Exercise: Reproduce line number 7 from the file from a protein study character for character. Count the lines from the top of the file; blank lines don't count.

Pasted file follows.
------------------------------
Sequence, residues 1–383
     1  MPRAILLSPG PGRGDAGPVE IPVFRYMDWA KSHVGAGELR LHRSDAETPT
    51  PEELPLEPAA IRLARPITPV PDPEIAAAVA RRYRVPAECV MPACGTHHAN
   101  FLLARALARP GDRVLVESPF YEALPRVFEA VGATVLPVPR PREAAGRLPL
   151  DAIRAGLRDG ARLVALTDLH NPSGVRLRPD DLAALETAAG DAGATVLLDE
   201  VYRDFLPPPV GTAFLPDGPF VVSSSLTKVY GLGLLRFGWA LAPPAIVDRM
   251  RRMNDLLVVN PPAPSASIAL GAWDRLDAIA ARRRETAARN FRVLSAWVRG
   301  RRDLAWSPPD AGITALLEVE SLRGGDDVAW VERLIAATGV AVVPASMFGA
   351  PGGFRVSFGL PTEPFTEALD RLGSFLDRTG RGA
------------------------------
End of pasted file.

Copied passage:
   251  RRMNDLLVVN PPAPSASIAL GAWDRLDAIA ARRRETAARN FRVLSAWVRG